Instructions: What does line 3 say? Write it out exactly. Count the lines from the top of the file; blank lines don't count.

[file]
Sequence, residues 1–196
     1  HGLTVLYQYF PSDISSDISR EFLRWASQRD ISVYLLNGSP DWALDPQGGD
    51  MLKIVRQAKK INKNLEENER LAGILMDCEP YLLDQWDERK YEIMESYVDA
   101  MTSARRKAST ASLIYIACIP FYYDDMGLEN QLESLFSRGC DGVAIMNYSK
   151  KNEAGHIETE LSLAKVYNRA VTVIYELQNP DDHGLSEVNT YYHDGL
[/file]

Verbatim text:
    51  MLKIVRQAKK INKNLEENER LAGILMDCEP YLLDQWDERK YEIMESYVDA